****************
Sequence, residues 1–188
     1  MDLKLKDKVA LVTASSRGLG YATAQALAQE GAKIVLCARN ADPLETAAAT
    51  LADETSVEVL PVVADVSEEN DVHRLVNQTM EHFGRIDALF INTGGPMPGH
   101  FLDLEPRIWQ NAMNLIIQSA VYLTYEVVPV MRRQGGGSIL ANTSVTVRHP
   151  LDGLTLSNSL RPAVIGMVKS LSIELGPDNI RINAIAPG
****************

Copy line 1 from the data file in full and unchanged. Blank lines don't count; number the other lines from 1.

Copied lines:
Sequence, residues 1–188